Serkis bases ‘Planet of the Apes’ leader on real humans 

click to enlarge Dawn of the Planet of the Apes
  • Andy Serkis, who plays ape leader Caesar in “Dawn of the Planet of the Apes,” has pioneered a form of acting called motion-capture performance.
Andy Serkis has acted Shakespeare and Dickens, worked with directors Mike Leigh and Tom Hooper and received a Golden Globe nomination for his performance in Hooper’s TV movie “Longford.” Yet he calls the ape Caesar “one of the most complex and interesting roles I’ve ever played.”

The English actor reprises the role in “Dawn of the Planet of the Apes,” the sequel to 2011’s “Rise of the Planet of the Apes” opening Friday.

Serkis, who visited San Francisco for the film’s red carpet premiere, studied ape movements and sounds for the previous movie, but says he took a different approach in the new film.

“I was thinking of the progression of Caesar more into the human realm,” says Serkis. “So his whole physicality, his countenance, his gait, everything is moving towards human. But then the animal flares up occasionally.”

Serkis based his performance on someone very human: Nelson Mandela. “I was really thinking of him more as a leader who is conflicted and has complex challenges,” he says.

Worldwide, Serkis is probably best known as the actor behind Gollum in the “Lord of the Rings” and “Hobbit” movies. In a sense, he pioneered a kind of acting known as motion-capture performance.

Since “The Lord of the Rings,” the process has become more streamlined. Today, Serkis acts in front of the cameras with the other actors playing humans, and then the visual effects team adds the ape features.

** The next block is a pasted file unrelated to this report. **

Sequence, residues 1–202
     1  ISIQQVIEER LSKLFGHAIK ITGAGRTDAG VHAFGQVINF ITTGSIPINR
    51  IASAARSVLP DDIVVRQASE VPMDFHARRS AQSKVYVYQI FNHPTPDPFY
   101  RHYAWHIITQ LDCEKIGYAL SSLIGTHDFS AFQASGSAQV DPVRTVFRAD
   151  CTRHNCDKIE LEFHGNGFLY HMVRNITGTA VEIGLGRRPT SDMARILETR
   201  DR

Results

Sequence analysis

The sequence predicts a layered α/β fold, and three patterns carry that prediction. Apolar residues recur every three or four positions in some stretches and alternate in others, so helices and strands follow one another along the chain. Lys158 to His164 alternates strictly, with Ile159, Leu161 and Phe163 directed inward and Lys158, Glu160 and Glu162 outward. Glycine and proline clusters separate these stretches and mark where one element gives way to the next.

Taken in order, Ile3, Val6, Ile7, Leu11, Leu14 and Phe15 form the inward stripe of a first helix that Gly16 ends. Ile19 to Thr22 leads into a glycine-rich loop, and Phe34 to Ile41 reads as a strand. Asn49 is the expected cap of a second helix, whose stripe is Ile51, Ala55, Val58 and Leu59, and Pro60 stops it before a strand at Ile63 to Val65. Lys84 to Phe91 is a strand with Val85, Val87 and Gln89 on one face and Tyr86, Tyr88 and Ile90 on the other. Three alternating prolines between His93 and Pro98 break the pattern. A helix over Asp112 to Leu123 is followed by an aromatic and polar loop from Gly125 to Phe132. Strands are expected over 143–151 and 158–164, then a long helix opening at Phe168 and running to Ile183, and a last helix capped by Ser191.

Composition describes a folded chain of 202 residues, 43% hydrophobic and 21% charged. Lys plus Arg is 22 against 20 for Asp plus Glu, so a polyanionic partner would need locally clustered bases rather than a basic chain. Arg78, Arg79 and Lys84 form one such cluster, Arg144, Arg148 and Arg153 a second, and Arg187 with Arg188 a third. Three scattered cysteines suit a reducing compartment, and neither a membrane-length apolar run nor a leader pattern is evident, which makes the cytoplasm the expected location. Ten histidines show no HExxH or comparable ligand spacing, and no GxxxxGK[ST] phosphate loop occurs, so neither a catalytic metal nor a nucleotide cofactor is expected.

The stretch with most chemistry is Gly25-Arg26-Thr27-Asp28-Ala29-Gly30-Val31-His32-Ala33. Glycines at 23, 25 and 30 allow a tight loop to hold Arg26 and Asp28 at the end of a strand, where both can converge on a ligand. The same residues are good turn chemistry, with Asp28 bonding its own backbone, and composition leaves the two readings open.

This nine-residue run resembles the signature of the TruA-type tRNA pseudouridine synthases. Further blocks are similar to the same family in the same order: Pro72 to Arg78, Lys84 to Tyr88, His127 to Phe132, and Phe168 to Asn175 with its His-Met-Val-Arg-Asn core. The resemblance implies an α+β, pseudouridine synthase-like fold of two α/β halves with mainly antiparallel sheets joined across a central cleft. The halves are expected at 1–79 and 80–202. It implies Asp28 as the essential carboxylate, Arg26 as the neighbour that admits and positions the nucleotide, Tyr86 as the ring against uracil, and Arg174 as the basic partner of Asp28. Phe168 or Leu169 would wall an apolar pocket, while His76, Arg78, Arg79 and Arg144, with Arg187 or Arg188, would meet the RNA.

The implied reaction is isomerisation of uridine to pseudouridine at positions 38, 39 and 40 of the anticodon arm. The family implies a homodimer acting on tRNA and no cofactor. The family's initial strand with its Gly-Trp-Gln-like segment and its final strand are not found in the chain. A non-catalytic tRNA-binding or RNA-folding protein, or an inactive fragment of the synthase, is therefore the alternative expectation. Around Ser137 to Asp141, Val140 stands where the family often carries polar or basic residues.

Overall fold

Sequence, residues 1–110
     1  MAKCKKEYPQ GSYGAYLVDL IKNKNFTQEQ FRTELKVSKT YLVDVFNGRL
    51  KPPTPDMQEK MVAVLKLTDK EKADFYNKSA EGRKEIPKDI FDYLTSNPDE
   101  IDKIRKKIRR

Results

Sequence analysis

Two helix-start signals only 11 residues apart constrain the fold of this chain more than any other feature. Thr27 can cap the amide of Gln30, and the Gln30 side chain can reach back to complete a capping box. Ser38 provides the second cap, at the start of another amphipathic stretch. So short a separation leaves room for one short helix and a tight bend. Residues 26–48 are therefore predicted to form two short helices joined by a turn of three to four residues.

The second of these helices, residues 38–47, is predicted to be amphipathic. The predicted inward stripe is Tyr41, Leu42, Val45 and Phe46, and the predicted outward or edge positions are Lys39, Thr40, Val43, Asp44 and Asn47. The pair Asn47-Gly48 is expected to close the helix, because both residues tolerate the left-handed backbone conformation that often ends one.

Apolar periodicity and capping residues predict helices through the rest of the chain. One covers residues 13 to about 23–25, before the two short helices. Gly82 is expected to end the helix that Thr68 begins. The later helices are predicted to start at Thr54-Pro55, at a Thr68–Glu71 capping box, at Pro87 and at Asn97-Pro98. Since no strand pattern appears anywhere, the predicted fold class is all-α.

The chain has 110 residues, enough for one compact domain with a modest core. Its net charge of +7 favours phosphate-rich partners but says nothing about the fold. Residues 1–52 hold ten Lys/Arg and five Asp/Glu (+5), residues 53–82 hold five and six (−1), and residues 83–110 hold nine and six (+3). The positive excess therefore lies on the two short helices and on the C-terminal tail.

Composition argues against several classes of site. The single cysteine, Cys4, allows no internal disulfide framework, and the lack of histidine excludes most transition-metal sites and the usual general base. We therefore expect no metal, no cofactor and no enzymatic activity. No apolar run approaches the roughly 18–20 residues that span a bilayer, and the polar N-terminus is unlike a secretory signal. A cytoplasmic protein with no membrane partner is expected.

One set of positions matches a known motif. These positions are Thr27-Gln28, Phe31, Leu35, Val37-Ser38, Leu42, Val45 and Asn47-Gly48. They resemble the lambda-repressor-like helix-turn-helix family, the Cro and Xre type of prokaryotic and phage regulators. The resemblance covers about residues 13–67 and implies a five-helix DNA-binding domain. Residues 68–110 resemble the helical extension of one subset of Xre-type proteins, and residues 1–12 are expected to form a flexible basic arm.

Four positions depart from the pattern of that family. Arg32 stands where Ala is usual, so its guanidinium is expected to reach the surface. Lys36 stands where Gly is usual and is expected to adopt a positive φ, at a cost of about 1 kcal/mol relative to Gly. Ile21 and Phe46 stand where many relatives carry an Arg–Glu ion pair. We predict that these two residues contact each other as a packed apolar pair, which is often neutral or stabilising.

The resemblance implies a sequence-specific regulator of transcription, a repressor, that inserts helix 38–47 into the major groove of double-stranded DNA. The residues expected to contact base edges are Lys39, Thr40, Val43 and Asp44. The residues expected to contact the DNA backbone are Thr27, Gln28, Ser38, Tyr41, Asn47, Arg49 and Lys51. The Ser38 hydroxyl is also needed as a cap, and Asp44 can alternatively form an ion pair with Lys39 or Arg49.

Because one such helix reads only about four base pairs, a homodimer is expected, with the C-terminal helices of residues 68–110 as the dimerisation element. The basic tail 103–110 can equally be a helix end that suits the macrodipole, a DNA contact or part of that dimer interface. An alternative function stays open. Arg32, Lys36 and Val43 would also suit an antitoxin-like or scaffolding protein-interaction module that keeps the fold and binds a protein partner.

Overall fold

There’s no fixing his performance later. “The emotion, the heart and soul of Caesar, is created on set. You either get it in the room or you don’t,” he says.

Looking back at actors such as Roddy McDowall and Kim Hunter in the original 1968 “Planet of the Apes,” Serkis is amazed at how much the creative and technological processes have evolved.

“They really had to fight against the latex and rubber, push their faces around, to get some sort of expression into their masks,” he says. “Whereas we can just internalize our thoughts and allow that stillness to play.”

Not solely an actor, Serkis has a company, Imaginarium, which is designed to develop the art and craft of motion capture. He also is moving into directing, with plans to make a combination live-action, performance capture version of “The Jungle Book.”

He hopes his career continues to be filled with many different types of projects. “People are strange aren’t they?” Serkis wonders. “As soon as you start to do something, they get threatened: You should just do that. That’s what you can do.”


Dawn of the Planet of the Apes

Starring Andy Serkis, Jason Clarke, Gary Oldman, Keri Russell

Written by Rick Jaffa, Amanda Silver, Mark Bomback

Directed by Matt Reeves

Rated PG-13

Running time 2 hours, 2 minutes

About The Author

Jeffrey M. Anderson

Jeffrey M. Anderson

Jeffrey M. Anderson has written about movies for the San Francisco Examiner since 2000, in addition to many other publications and websites. He holds a master's degree in cinema, and has appeared as an expert on film festival panels, television, and radio. He is a founding member of the San Francisco Film Critics... more
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